Being able to take time away from work for the other things that matter in life is important. It's part of a work-life balance that makes for a healthy and productive workforce – and better lives for everyone. Should Canadians get more vacation time than the two to three weeks provided by labour standards today? We think so. That’s why the labour movement negotiates for paid vacation time that grows over time, and why the labour movement works to ensure everyone gets the time off they’ve earned. Learn More

In Canada, a low-wage job is one that pays $13.60/hour or less (as of 2012). Last year, 1.4 million men and two million women worked at jobs like this, with the minimum wage set around $10/hour. And these are not part-time or occasional jobs: 55% of low-wage earners work for large enterprises with 100 or more employees. As well, the income gap between the rich and the poor in Canada is well above the average for similar countries. Today, Canada’s business elite make on average 189 times more than the average Canadian wage; it was only 105 times more just 15 years ago. Negotiating with employers and lobbying governments to ensure fair wages for everyone – including health benefits – is more important than it’s ever been. Learn More

Getting paid less because you’re not related to the boss isn’t fair. Neither is getting paid less because of your gender, race or age. The labour movement has been relentless on this issue and continues to negotiate forcefully with employers and lobby governments to deal with pay discrimination, low wages and barriers that stop people from working to their full potential (such as supports for people with disabilities and access to affordable child care for new parents). Did you know that, in 2011, women in Canada earned 72% of what men did for the same amount of work? Thanks to the labour movement, this pay gap is already much smaller for women in unions, but income equality for all working women is the ultimate goal. Learn More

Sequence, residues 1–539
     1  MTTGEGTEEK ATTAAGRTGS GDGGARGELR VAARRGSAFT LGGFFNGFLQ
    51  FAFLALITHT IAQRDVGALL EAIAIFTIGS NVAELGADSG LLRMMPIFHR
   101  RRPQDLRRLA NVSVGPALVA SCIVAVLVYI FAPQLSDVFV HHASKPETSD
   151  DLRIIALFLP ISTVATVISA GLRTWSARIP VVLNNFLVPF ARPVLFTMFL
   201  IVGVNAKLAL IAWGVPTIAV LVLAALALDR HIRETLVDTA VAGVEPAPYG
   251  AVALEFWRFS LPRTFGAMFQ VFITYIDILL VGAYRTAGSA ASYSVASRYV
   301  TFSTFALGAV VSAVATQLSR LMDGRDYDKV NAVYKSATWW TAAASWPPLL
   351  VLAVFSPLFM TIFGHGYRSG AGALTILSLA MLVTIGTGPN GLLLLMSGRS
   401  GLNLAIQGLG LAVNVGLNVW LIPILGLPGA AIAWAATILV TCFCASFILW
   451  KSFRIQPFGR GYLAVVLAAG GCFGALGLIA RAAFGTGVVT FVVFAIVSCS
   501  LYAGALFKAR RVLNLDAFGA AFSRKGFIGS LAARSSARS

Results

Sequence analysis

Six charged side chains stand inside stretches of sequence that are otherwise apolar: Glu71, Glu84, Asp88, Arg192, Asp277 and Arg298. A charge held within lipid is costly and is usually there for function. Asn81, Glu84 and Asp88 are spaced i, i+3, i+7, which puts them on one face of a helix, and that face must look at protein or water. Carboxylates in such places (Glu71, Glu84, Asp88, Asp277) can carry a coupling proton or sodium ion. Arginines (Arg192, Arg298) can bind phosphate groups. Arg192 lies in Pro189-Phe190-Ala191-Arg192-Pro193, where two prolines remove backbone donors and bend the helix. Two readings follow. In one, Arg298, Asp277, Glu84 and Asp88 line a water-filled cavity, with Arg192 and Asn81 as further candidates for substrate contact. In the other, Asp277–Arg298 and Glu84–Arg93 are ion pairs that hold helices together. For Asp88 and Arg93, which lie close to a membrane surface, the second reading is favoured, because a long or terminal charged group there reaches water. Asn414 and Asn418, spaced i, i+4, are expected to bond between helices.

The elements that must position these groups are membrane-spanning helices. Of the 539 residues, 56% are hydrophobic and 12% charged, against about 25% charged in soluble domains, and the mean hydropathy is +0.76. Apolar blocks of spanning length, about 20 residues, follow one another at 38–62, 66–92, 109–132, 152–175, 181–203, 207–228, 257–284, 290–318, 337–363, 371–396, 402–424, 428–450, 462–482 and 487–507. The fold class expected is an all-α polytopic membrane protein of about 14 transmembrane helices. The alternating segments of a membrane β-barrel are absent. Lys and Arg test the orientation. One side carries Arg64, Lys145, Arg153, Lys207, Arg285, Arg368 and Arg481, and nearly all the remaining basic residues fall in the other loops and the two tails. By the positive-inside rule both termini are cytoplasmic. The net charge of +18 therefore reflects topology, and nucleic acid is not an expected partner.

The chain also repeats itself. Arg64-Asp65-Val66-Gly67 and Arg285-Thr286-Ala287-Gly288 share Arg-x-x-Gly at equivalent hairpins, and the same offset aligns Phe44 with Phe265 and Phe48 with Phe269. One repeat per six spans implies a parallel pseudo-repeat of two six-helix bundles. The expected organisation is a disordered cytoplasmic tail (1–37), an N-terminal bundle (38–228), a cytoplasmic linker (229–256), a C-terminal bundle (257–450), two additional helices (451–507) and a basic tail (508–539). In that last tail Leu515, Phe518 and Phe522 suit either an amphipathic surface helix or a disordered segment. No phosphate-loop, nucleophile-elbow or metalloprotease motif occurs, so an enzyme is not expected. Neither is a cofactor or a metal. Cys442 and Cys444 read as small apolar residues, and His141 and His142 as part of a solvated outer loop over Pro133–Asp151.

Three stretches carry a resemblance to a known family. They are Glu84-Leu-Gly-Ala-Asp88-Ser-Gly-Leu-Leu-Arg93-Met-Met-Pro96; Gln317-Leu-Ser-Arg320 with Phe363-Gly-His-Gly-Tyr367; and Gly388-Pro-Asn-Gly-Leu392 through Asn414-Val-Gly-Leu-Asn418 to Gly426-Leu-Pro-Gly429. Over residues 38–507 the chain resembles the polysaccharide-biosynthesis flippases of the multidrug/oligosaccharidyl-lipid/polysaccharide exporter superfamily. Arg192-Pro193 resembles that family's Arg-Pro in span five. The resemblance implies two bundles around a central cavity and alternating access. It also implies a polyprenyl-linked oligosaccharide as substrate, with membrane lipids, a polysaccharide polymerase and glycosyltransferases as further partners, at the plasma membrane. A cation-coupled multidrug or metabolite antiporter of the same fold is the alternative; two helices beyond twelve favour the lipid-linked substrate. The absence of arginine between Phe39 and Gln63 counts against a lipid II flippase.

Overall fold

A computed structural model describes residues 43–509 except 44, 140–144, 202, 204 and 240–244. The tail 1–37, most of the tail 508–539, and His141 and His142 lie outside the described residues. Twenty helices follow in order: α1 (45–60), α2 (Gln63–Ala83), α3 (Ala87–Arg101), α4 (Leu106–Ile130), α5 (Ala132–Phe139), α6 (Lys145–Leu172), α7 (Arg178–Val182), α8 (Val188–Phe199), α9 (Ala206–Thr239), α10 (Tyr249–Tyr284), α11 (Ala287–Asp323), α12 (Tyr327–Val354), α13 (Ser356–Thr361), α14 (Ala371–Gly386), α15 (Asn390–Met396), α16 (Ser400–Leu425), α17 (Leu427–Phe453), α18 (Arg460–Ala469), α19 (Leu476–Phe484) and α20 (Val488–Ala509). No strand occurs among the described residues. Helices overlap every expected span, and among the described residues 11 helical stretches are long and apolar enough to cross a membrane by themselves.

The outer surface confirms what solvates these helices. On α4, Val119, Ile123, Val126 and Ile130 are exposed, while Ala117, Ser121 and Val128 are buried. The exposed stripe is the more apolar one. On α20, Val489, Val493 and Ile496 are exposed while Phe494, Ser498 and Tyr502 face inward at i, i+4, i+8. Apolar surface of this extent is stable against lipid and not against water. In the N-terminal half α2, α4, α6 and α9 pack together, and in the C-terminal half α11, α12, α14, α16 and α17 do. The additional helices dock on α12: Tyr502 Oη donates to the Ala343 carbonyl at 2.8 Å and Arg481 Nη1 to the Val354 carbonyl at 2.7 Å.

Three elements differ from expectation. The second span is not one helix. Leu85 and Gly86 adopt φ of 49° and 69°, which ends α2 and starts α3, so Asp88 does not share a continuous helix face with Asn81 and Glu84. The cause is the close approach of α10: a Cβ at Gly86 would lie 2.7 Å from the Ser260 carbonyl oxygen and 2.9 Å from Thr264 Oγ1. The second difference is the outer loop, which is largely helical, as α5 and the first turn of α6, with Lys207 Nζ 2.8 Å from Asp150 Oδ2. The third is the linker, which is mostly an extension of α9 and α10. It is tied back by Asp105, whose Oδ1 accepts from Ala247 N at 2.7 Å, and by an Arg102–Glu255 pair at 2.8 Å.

For generations, people faced the prospect of either working until they died or ending their lives in poverty because they were too ill or too old to work any more. But with the help of the labour movement, people were able to negotiate pension plans at work, setting aside part of their wages along with contributions from their employers. Today, about 1/3 of Canadian workers have a workplace pension plan to help them retire with dignity. And because not every workplace has such a plan, the labour movement also campaigned for public pensions for all Canadians – such as the Canada Pension Plan (CPP), which the movement is still working hard to improve for all workers. Learn More

The labour movement has given people the right to put their health and safety first when they go to work. Today, workers can demand to know whether the chemicals used in their workplaces are safe, and work knowing there’s a way to get to safety in the event of an emergency. Workers are protected if they refuse work that is not safe and, thanks to Workers' Compensation, they don’t need to hire a lawyer or buy insurance to recover wages lost due to a workplace injury. It’s still a fact that nearly five Canadians die every work day because of something that happened at work – from an injury, work-related cancer, workplace violence or unsafe equipment. That’s why the labour movement still lobbies hard for better laws to protect everyone. Learn More

Today, Canada’s workforce is made up of both women and men. Gone are the days when one income was enough to raise a family. The labour movement’s demands that employers provide paid leave for new mothers resulted in the creation of “maternity leave benefits” from the federal government in 1971. Ten years later, the Canadian Union of Postal Workers went on strike to win additional weeks of paid maternity leave for their members. Now, working parents can share 35 weeks of parental leave through the EI program. And as parental leave continues to evolve, the labour movement continues to negotiate with employers and push governments to support working parents. Learn More